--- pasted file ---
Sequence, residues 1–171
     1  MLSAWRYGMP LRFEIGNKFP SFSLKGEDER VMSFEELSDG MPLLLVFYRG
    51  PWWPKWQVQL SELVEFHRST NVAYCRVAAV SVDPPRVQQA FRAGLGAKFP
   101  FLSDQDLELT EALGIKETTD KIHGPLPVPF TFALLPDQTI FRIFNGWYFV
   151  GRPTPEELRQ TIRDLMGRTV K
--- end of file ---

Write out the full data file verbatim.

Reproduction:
Sequence, residues 1–171
     1  MLSAWRYGMP LRFEIGNKFP SFSLKGEDER VMSFEELSDG MPLLLVFYRG
    51  PWWPKWQVQL SELVEFHRST NVAYCRVAAV SVDPPRVQQA FRAGLGAKFP
   101  FLSDQDLELT EALGIKETTD KIHGPLPVPF TFALLPDQTI FRIFNGWYFV
   151  GRPTPEELRQ TIRDLMGRTV K